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www.mnnews.today/aurora-magazine Catholic Diocese of Maitland-Newcastle
St Michael's continued to ser ve its
congregations well through another ten
decades of lifetimes.
Then came 1991. It was up for sale.
Cessnock parish could not continue to
The villager s and sur rounding valley
residents gathered. They bought it.
Catholics and other s pitched in with money,
fund-r aising activities, their labour, their
deter mination -- and bought St Michael's for
the community of the Wollombi Valley.
No longer technically a Catholic Church,
it is a Catholic Chapel belonging to the
people of Wollombi. Catholic in its
history and its over all char acter it is also
ecumenical, and broader, in its reaching
out and gathering in. Inter-denominational
Stations of the Cross are conducted on
Good Friday. Catholic, other religious and
civil weddings are celebrated within its
"What's the heart of the St Michael's story?"
I ask Gael Winnick. "Community! " she says
without hesitating. "Sectarianism didn't get
to this valley," continues Gael, as she tells
me the St Michael's tale and shows me its
beautiful interior. This church represents a
community at its best, one with an edifying
history of overcoming adversity and pulling
together, heedless of differences in r eligious
affiliation that have blighted some other
Gael is preser ving the story. With local
photogr apher and film-maker, Ken Martin,
she is producing a film about the recent
history of St Michael's, its sale and buy-back
by the community, and the ama zing effor ts
of the locals to restore and preser ve it as
the treasure in the hear t of their village.
The community of St Michael's will
celebrate 175 year s with Mass on 26
September. Locals of all hues will fill their
church and congregate outside. Their
meeting-place will honour a community
with its long history of being and working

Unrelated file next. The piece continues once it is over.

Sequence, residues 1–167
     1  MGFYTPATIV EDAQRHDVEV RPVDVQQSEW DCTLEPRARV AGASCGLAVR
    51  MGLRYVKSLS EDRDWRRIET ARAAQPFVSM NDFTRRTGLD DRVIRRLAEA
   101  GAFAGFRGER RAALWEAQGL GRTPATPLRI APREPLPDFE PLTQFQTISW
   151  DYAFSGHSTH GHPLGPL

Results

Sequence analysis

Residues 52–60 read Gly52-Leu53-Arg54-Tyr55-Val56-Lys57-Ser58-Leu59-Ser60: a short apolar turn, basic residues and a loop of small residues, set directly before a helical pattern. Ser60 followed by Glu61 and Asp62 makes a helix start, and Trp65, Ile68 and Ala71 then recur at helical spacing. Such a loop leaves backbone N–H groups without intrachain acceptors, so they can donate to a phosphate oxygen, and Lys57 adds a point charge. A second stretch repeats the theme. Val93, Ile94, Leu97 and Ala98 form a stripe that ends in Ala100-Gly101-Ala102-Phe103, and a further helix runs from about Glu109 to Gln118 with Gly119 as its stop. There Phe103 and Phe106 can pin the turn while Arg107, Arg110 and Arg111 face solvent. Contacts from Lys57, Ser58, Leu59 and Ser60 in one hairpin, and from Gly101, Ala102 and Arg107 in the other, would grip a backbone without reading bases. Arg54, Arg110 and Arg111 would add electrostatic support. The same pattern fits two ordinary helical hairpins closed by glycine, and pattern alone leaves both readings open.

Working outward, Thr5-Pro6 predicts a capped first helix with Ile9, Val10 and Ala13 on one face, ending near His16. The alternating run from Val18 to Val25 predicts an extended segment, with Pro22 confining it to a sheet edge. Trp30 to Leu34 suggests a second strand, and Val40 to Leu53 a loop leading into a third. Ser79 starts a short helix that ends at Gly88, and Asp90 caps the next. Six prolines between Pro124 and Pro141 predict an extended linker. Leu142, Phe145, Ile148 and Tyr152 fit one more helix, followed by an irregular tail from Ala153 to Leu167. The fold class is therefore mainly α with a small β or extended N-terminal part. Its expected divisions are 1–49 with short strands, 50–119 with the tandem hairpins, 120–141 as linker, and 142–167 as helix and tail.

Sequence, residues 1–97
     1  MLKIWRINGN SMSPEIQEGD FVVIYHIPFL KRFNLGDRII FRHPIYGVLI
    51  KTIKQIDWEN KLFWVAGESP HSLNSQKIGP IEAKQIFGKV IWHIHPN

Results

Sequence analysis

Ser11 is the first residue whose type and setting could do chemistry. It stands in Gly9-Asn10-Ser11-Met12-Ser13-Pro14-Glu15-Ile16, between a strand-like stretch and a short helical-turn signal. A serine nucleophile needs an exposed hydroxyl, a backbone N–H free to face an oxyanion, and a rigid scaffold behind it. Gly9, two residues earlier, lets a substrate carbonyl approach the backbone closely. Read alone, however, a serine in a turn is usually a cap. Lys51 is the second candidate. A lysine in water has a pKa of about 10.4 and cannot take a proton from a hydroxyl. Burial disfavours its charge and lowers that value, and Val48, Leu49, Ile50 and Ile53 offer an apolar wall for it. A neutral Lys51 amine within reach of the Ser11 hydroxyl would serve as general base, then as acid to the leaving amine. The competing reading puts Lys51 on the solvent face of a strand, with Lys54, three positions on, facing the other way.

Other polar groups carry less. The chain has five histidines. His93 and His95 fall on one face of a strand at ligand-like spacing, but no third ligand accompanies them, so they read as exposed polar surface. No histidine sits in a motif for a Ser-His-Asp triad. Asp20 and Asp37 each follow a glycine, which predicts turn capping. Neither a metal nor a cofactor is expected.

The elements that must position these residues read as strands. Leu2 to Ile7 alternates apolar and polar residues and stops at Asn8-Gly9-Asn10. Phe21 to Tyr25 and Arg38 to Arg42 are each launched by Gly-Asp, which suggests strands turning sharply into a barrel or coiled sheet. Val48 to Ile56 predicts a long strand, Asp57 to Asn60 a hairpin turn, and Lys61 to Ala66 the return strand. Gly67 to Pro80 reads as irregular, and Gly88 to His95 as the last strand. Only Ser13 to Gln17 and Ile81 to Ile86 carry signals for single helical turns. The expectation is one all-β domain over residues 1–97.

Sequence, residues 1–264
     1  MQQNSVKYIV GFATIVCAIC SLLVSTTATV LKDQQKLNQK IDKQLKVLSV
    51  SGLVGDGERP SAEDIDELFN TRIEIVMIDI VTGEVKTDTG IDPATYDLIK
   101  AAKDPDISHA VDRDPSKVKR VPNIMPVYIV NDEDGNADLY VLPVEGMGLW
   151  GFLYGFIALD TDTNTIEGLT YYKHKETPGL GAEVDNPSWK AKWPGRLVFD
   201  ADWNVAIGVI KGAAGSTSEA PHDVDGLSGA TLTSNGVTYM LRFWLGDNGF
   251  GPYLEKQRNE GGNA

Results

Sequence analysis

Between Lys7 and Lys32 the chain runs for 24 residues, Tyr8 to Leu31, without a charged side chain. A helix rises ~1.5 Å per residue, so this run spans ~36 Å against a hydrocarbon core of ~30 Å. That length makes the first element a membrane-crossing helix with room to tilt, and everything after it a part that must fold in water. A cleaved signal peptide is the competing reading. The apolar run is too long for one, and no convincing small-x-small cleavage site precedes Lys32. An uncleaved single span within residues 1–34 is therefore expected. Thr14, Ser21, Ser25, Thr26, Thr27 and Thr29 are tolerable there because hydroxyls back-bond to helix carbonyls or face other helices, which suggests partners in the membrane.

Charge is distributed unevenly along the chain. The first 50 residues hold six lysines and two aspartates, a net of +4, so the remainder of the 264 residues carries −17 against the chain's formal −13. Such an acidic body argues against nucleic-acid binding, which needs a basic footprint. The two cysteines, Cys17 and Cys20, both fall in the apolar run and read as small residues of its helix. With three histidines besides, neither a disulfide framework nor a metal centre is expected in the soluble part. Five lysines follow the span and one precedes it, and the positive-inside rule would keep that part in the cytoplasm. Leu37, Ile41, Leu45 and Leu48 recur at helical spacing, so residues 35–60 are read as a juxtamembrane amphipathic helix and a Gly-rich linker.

The 'meeting place of the waters' -- and of
the ancients , the convicts, the settlers, the
generations, the locals, the visitor s -- will
flow on as a place of real community.
The Sky Father is surely pleased with his
creative work, watched over by his
CELEBRATING A UNIQUE
Wollombi is a beautiful place. Its ver y name
It is situated in a narrow valley where the
Wollombi Brook and the Congewai Creek
come together. Nearby, the Narone and
Yango Creeks enter the flow.
Wollombi means 'meeting place of the
waters' or simply 'meeting place' in the
ancient Aboriginal naming. It was also
wher e they, for millennia, gathered
For the Darkinjung people, as well as the
Awabakal and Wanaruah nations, the
locality was a ceremonial meeting place
wher e east coa st peoples gathered on
pilgrimage to nearby Mount Yengo. The
top of this spiritually significant mountain
was flattened by the dreamtime Sky Father,
Baiame, when he leapt back to the spirit
world after creating all the mountains,
lakes, rivers and caves in the area.
It was also the meeting place of convicts .
Work gangs from Castle Hill converged at
Wollombi with gangs from Newcastle (via
Maitland and Cessnock) as Major Thoma s
Mitchell's Great Nor th Road was pushed
through to open up the colony.
Free settler s made it their meeting place,
too, when they took up residence in the
valley from 1829. As congregations they
gathered at St Michael the Archangel
Catholic Church from 1843 and at the
Anglican St John's Church from 1849.
Too many waters met her e in 1893. St
Michael's, near er the creeks than St John's,
was engulfed by the mighty flood. But, it's
an ill flood that brings no benefit. The
good locals, Catholic and other, pitched
in. It seems, from the shor t time involved,
that the church was dismantled and then
re-assembled on a higher and more apt
site at the hear t of the village, where it
Gael Winnick and Ken Martin at St Michael's Church,Wollombi. Photo by Sage Swinton, The Advertiser, Cessnock.
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